It is the responsibility of the organizations involved with the Pact to monitor and implement the actions, to achieve the proposed measures, and make the results of this joint effort public. Leonardo motivates companies to record and divulge their experiences to promote actions that will contribute to ending exploitative, degrading work and slave labour in Brazil and in other countries. Of the 200 companies mentioned above, 100 have signed the Pact. After the Mapping and the establishment of the Pact, mechanisms were created to inhibit the behaviour of companies in any way connected to slave labour, for example, by denying access to financial resources. Reporter Brazil and its’ partners have been able to secure, with banks such as Santander and ABN-Amro, an agreement in which the banks refuse loans to private citizens or companies who appear on the dirty list. The idea is to create mechanisms that make it increasingly difficult for those linked to this crime to have access to credit.

In 2008, with the support of the ILO, Reporter Brazil will start to spread the experience of the Pact to other South American countries. The strategy is to initiate discussion through Brazilian companies which are signatories to the Pact and active in Latin American countries. In addition to this and looking toward the long-term future, Leonardo created in 2007 a Biofuel Watch Center. The Centre monitors conditions of work, agrarian issues and the environment of crops involved in biofuel production. The Center became an important instrument in guaranteeing that biofuel mechanisms do not serve to instigate the violation of workers rights.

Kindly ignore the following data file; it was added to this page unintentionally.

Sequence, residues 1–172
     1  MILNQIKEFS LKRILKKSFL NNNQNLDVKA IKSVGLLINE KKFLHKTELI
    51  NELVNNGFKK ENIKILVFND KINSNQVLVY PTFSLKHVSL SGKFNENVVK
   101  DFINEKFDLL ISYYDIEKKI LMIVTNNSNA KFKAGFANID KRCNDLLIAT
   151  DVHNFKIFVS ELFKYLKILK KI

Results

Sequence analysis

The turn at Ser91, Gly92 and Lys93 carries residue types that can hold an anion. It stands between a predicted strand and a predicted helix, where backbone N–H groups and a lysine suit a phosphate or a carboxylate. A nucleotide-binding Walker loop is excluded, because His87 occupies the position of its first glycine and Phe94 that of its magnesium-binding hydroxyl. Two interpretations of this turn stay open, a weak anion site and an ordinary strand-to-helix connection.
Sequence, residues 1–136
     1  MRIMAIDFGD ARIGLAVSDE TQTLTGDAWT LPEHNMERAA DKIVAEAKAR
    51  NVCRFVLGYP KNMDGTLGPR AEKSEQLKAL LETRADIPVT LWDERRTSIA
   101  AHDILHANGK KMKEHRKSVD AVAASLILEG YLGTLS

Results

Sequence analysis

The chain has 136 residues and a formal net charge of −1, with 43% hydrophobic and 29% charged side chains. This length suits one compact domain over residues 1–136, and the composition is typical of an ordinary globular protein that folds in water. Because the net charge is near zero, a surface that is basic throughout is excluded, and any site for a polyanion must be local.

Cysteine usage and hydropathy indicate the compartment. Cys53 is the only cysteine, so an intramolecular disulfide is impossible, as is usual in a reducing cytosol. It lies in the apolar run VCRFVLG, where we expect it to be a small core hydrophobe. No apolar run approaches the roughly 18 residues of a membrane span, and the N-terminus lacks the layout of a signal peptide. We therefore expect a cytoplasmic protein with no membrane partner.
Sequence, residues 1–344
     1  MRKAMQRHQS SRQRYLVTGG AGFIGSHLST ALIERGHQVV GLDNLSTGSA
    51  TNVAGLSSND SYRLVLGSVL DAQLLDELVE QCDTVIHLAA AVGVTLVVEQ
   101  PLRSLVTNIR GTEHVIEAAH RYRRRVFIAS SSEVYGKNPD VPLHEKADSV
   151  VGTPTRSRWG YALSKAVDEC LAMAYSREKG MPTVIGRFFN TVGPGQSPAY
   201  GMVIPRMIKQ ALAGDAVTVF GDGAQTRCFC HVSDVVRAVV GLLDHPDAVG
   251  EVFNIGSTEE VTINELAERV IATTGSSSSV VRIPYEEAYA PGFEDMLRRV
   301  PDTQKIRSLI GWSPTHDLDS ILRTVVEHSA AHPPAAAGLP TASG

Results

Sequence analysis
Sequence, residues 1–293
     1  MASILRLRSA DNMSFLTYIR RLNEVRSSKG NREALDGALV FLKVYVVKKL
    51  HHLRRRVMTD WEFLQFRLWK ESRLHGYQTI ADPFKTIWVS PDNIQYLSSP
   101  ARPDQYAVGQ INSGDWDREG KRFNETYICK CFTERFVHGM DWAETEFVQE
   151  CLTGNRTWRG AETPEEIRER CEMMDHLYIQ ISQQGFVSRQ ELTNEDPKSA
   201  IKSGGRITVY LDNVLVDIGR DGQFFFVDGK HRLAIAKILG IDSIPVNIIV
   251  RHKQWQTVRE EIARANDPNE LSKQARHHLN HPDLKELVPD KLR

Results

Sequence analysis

THE PERSON

From an early age Leonardo was involved with social actions through the residents association in his neighbourhood. Being an active and curious young man, he entered the Federal Technical School, a well-respected public high school in Sao Paulo, where students come from all social classes. Here, Leonardo was introduced to sociology and politics—subjects not found in the curriculum of other schools—and with students from varied social and cultural backgrounds. Leonardo always enjoyed reading and during this formative time, with a firm belief that the media and communication were important tools for social transformation, decided to study journalism.

In 1995 Leonardo entered the Faculty of Journalism at the University of Sao Paulo (USP). However, from the beginning he was dissatisfied with the course and felt that many teachers discouraged critical and active journalism. To help solve this problem, Leonardo became involved in projects to improve the quality of the course and was a member of diverse university commissions that discussed, among other things, the evaluation of professors and curriculum reform. He believed one of the reasons professors and students were so disinterested in critical and active journalism was the distance between the university and the community. For him, it was necessary for the students to get to know their university environment, and to utilize their knowledge to empower others. With a group of friends, Leonardo created Project To Write, offering free composition courses to youth from low-income backgrounds. It focuses on the power of the written word as a tool for social transformation and still exists today.